Jared Rubado: Basketball and the week everything shut down
A look back at a crazy couple of days in March when the sports world shut down in the middle of covering the Alexandria girls basketball team at the state tournament.
When I took this job at the Echo Press, I was looking forward to the chance to cover state tournament runs by our local teams. The fanfare around a successful season is exhilarating, and I couldn’t wait to be the storyteller on one of those journeys. I will never forget the 36 hours I spent at the girls state basketball tournament in March.
When the Alexandria girls basketball team made it to the state tournament, I offered to cover it. I wanted to experience the atmosphere for myself, and I was excited to meet up with some friends in the cities. My dad was also in St. Paul on a business trip, so it was a chance for me to have a great weekend.
The Cardinals played Becker in the first round, one of the better teams in the field. They lost in a close 63-55 game and moved on to the consolation side of the bracket. I remember interviewing a handful of the players and writing my story in a side room at the Maturi Pavilion.
Once I got the story online, I had to kill time until the next game. That plan was for me to cover the first game in the consolation bracket and then rush to Melrose for the boys section championship against St. Cloud Apollo.
I met up with my dad at a Buffalo Wild Wings, where we watched the first round of the Big Ten conference basketball tournament. Little did I know that was the last restaurant I was going to eat at in person in 2020. We joked about how people were overeating to COVID-19. I vividly remember saying there was no chance the NCAA was going to cancel March Madness.
Just 10 minutes after we paid the bill, I was sitting in my car in the parking lot. I was scrolling through Twitter before going to my friend’s apartment. I saw that Tom Hanks and Rita Wilson tested positive for COVID-19. Meanwhile, Utah Jazz forward Rudy Gobert became the laughing stock of social media after mocking the virus only to test positive days later.
My dad was long gone, but I called my mom in the parking lot. Earlier that week, she and my sister visited me in Alexandria. We went to D. Michael B’s and joked about how people were overreacting by buying all the toilet paper. When I spoke with her on the phone, she sounded much more concerned.
I sat in that parking lot for a half-hour, watching the emergence of this global pandemic through my phone. There has never been a moment where sports shut down as they did on March 12. I ended up staying in my dad’s hotel room until the next girls basketball game.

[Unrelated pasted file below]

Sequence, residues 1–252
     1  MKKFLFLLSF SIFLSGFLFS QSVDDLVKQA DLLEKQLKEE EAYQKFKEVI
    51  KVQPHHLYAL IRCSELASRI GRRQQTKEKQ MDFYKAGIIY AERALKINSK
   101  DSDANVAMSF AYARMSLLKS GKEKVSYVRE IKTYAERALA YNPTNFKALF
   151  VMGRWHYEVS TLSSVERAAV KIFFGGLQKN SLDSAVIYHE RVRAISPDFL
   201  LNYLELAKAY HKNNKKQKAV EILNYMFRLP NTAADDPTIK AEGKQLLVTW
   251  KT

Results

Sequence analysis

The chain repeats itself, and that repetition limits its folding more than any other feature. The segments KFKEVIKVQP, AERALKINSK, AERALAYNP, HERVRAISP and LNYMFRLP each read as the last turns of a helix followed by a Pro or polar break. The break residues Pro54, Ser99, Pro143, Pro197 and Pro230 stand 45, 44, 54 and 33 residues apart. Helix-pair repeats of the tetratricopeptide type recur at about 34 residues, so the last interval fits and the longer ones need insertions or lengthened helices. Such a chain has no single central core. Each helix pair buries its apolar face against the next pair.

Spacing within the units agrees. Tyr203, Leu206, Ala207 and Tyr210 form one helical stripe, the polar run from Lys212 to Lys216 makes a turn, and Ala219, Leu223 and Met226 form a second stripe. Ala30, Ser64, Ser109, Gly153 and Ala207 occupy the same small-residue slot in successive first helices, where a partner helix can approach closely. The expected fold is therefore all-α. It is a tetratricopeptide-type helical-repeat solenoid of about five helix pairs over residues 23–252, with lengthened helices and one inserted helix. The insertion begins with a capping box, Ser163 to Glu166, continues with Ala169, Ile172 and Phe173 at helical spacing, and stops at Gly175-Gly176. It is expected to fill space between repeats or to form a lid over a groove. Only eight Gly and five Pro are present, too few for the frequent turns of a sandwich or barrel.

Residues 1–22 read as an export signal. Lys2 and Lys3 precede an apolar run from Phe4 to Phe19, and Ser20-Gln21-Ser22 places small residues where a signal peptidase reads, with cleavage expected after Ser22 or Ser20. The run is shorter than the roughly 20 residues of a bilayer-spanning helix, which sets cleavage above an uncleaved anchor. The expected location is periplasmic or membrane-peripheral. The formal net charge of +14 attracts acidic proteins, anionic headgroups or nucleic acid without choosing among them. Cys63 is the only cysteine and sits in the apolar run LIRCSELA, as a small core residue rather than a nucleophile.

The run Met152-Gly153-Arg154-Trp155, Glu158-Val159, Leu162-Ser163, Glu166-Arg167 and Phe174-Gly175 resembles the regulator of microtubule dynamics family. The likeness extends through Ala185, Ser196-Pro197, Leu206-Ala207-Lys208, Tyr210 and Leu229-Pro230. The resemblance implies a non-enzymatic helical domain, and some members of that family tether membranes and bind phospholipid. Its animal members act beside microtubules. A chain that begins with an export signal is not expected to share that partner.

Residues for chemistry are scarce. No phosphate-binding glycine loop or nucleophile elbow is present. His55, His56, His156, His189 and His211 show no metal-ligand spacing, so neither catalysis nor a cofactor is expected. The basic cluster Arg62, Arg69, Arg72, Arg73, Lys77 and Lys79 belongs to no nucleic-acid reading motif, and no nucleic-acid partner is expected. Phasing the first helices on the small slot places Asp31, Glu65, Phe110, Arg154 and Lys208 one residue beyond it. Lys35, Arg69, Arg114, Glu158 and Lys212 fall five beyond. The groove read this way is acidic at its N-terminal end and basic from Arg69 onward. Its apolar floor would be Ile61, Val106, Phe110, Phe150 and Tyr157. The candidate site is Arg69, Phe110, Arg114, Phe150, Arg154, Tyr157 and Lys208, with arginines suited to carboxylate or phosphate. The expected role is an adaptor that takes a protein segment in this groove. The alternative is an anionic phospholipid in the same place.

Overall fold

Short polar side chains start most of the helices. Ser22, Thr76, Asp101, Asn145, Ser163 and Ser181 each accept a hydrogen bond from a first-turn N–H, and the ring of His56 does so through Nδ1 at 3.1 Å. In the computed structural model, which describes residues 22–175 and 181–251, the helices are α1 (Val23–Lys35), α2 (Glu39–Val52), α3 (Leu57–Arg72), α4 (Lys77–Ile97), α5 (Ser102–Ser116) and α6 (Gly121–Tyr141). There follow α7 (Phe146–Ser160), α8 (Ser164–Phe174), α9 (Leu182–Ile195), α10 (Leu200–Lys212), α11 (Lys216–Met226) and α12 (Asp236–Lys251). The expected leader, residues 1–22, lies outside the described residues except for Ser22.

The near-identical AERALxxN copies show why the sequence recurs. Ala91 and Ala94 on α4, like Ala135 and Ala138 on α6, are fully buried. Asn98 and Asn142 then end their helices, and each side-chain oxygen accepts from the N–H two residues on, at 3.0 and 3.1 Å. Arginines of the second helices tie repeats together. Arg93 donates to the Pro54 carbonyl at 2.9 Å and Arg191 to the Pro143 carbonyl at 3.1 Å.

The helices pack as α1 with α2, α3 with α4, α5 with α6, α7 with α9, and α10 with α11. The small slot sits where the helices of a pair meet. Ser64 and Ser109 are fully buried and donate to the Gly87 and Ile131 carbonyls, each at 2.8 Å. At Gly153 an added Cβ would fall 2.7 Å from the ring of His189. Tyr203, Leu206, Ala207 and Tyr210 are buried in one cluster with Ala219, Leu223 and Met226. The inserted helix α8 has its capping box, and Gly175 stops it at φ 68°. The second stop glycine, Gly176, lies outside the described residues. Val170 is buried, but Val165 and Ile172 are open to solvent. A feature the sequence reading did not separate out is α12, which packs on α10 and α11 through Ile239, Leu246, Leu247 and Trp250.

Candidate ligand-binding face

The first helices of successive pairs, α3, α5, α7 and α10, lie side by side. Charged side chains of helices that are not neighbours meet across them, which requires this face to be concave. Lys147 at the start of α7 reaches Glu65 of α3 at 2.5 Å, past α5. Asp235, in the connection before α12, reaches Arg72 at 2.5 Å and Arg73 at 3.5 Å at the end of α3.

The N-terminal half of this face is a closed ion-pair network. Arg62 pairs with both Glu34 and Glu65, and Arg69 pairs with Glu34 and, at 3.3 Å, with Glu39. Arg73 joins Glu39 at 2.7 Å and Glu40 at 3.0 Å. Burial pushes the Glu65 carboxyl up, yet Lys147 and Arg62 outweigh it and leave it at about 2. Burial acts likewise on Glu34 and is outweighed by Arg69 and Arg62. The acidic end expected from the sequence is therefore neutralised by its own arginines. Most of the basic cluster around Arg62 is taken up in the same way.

The following morning, the Minnesota State High School League announced there wasn’t going to be a consolation championship in any bracket. Each team was going to play its Friday games and go home. It’s hard to describe how bizarre the building felt when I showed up to the Alexandria game at Concordia-St. Paul.
I remember it being one of the quietest games I’ve ever covered. There were still fans, but I think everybody felt so uncertain about what was happening that it killed all competitive spirit.
I left at halftime to make the game in Melrose, where the Section 8AAA wasn’t allowing any fans unrelated to the players. About 200 Alexandria and Apollo family members watched what would be the final game of the school year.
The game was incredible. It was a back-and-forth slugfest between two very good basketball teams. That was the last time I covered a sporting event without thinking about Covid.
After Apollo pulled out the win, I spoke with head coach Jason Allen. At that time, the MSHSL hadn’t announced the state tournament would be canceled, but he knew.
It was so clear in his voice. The euphoric moment of winning met with the crushing realization that the season was over.
Thinking about the way sports were before the pandemic is becoming foreign to me. As we inch closer to getting through these trying times, I look forward to seeing packed stands, smiling faces and loud cheers. That’s why I love sports so much, and we’re almost there.
(Editor’s note: This is part of a series of columns that will run in the Echo Press sports section looking back at a 2020 year that was so memorable in a lot of ways.)